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Coronavirus Latest: Mayor Kenney Says Social Distancing Will Probably Have To Go Through Summer, Philly Reports Highest Single-Day Death Count

PHILADELPHIA (CBS/AP) -- Philadelphia Mayor Jim Kenney says social distancing will probably have to go through the summer as the city saw its highest single-day death count on Friday. Health officials say 33 more residents died from COVID-19, bringing the city's death toll to 137.

The number of coronavirus cases in Philadelphia is now approaching 5,800 after 522 new cases were reported.

During Friday's briefing, Kenney says social distancing will need to continue for the foreseeable future, probably through the summer.

"I don't see that changing. We need to continue to modify our behavior in what we're used to doing in order for this not to come back," Kenney said. "I don't think whether it stabilizes or whether it goes down, there's still going to be a period of time where a new normal will have to persist."

Philadelphia Health Commissioner Dr. Thomas Farley says he believes the number of deaths will continue to increase, but they are still seeing slowing in the growth of cases.

"Let's be clear, the virus could pick up speed again," Farley said.

The Citizens Bank Park testing site is closed Friday due to high winds and will not reopen.

Meanwhile, there are now nearly 20,000 coronavirus cases in Pennsylvania. The death toll has exceeded 400.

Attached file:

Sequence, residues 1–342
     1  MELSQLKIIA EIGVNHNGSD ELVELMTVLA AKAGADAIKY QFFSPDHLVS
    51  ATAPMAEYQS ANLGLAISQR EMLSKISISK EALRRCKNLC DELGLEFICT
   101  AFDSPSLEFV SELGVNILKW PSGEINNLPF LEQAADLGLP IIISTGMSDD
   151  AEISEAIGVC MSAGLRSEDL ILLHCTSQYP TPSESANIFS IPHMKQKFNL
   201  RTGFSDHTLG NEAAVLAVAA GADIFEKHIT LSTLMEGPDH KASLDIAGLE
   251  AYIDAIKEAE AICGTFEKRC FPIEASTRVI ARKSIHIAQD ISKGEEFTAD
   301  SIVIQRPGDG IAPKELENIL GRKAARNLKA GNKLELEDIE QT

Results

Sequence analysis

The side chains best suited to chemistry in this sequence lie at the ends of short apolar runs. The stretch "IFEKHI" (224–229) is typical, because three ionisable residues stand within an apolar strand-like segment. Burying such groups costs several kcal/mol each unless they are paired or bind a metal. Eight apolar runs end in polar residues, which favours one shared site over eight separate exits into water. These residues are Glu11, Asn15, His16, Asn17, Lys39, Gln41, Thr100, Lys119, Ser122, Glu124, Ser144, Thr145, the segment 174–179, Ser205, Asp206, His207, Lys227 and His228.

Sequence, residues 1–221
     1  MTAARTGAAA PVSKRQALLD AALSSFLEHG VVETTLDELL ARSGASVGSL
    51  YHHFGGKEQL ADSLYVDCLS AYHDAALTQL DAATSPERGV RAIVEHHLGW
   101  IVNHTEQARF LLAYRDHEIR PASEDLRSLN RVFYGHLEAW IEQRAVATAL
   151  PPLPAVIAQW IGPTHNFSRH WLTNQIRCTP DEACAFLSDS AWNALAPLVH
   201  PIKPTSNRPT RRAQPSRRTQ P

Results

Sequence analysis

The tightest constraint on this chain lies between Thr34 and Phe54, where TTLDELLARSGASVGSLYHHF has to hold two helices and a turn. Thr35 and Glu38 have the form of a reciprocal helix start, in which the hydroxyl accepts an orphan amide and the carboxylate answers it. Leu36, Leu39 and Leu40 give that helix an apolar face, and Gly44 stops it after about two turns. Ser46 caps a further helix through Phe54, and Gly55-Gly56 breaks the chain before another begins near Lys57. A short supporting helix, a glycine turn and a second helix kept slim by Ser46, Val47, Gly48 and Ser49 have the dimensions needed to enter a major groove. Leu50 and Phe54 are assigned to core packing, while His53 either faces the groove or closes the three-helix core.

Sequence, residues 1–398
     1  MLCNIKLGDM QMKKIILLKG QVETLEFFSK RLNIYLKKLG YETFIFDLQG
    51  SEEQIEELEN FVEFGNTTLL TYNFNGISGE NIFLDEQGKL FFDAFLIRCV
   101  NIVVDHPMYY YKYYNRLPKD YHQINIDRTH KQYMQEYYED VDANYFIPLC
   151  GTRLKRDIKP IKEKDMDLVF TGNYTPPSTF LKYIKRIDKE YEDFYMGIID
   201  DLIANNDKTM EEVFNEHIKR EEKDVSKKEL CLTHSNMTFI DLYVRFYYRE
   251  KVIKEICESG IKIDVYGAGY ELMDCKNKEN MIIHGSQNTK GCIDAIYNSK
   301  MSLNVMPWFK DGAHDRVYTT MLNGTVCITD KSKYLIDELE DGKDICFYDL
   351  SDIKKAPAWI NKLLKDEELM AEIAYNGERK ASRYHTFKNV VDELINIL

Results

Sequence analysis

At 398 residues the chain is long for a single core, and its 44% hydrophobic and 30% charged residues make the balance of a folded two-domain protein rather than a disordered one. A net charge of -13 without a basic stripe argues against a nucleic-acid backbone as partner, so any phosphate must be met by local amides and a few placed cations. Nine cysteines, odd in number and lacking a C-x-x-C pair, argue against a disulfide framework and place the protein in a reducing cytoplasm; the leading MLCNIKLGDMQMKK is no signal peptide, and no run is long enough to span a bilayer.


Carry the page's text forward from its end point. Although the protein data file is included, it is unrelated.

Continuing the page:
Seventy-eight more people died from the virus, raising the death toll to 416. Health officials reported 1,751 new cases, bringing the statewide total to 19,979.

"Now more than ever, as we continue to see COVID-19 cases and deaths rise in Pennsylvania, we need Pennsylvanians to take action," Pennsylvania Health Secretary Dr. Rachel Levine said. "Those actions should be to stay calm, stay home and stay safe. If you must go out, please limit it to as few trips as possible and wear a mask to protect not only yourself but other people as well. We need all Pennsylvanians to heed these efforts to protect our vulnerable Pennsylvanians, and our health care workers and frontline responders."


Over 93,000 patients have tested negative.

Gov. Tom Wolf is issuing an executive order to authorize the early release of up to 1,800 inmates from Pennsylvania state prisons in an effort to minimize the spread of the new coronavirus.

The plan is similar to what other states and some Pennsylvania counties have undertaken, and it comes after talks broke down with Republicans who hold a majority in the state Legislature.

Wolf's office said releasing inmates will save lives, help stop the spread of the virus and avoid overwhelming Pennsylvania's already-burdened health care system.

"We can reduce our non-violent prison population and leave fewer inmates at risk for contracting COVID-19 while maintaining public safety with this program," Wolf, a Democrat, said in a statement.

The releases, to halfway houses or home confinement, could start as early as Tuesday, according to the governor's office.


The plan allows the release of inmates serving time for nonviolent offenses who are within nine months of scheduled release, or within 12 months for those considered at heightened risk from the coronavirus.

The temporary reprieve program does not apply to inmates incarcerated for certain crimes, including violent crimes, crimes committed with a firearm, drug trafficking and sexual offenses. And it does not apply to inmates who have been denied parole or convicted of any offense while incarcerated.

(© Copyright 2020 CBS Broadcasting Inc. All Rights Reserved. The Associated Press contributed to this report.)

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